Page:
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The Walt Disney Co. on Tuesday announced that 28,000 employees from the Parks, Experiences and Products segment “at all levels” will be laid off. What’s more, the company placed the blame for the decision on California not allowing Disneyland to reopen at this time.
The news comes exactly one week after Josh D’Amaro, chairman of Disney Parks, Experiences & Products, essentially demanded that Disneyland be allowed to reopen. Gov. Gavin Newsom did not respond.
“In light of the prolonged impact of COVID-19 on our business, including limited capacity due to physical distancing requirements and the continued uncertainty regarding the duration of the pandemic — exacerbated in California by the State’s unwillingness to lift restrictions that would allow Disneyland to reopen — we have made the very difficult decision to begin the process of reducing our workforce at our Parks, Experiences and Products segment at all levels, having kept non-working Cast Members on furlough since April, while paying health care benefits,” reads a statement from D’Amaro released Tuesday.
Approximately 28,000 “domestic employees” will be affected by the decision, according to the company. About 67 percent are part-time workers.
“We are talking with impacted employees as well as to the unions on next steps for union-represented Cast Members,” reads D’Amaro’s statement. “Over the past several months, we’ve been forced to make a number of necessary adjustments to our business, and as difficult as this decision is today, we believe that the steps we are taking will enable us to emerge a more effective and efficient operation when we return to normal.”
In a statement to The Hollywood Reporter concerning the Disney layoffs, Health and Human Services Secretary Dr. Mark Ghaly, a senior health advisor for the State of California said, “The COVID 19 pandemic has impacted the health and livelihoods of too many workers across this country. In California, our number one priority is to lead with public health to slow the spread of the virus to begin reopening our economy and get Californians back to work safely and sustainably.”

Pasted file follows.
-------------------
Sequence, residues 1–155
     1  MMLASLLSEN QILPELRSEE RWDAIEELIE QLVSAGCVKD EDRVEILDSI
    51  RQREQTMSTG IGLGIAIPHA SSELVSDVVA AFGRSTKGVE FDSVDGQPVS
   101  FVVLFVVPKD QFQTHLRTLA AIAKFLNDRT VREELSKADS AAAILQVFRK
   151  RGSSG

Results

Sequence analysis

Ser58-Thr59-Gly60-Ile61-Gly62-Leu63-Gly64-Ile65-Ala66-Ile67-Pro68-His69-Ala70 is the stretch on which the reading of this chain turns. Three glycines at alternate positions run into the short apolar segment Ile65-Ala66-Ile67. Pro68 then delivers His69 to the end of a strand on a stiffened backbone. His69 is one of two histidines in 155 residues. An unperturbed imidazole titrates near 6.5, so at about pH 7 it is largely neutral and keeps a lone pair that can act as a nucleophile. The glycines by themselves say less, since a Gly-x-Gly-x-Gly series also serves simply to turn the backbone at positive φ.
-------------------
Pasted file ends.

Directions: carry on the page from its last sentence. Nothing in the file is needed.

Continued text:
He continued, “Our Blueprint for a Safer Economy is driven by science to keep the risk of COVID-19 transmission low. Without a vaccine, it is impossible to eliminate the economic impacts caused by this virus, but by taking a measured data- and science-based approach to phasing in and out transmission prevention protocols, we can minimize the health and economic risks that would be caused by opening and shutting repeatedly. Until there’s a vaccine, the most important thing all Californians can do to reduce COVID-19 transmission is masking, keeping physical distance and avoiding mixing when possible.”
Last week D’Amaro said to the state and lawmakers, “Help us reopen. We need guidelines that are fair and equitable.” He went on to say that the “longer we wait” the more “damage” would be done to the local economy and furloughed employees.
Currently, every county in California is assigned to a tier based on its test positivity and adjusted case rate, which is what the state is using to allow businesses to reopen. Orange County’s current tier allows for indoor shopping and outdoor dining, which is how the Downtown Disney shopping and dining district is allowed to operate.
Disneyland has been shuttered since mid-March. A plan was in place to begin reopening Disneyland in July, but that was all sidelined when novel coronavirus cases skyrocketed statewide, forcing state and local officials to roll back business operations permissions.
The Walt Disney World Resort in Flordia has been reopened — albeit with strict health measures and decreased capacity — since July.
Sept. 30, 5:24 a.m.: Updated with statement from Health and Human Services Secretary Dr. Mark Ghaly, a senior health advisor for the State of California.
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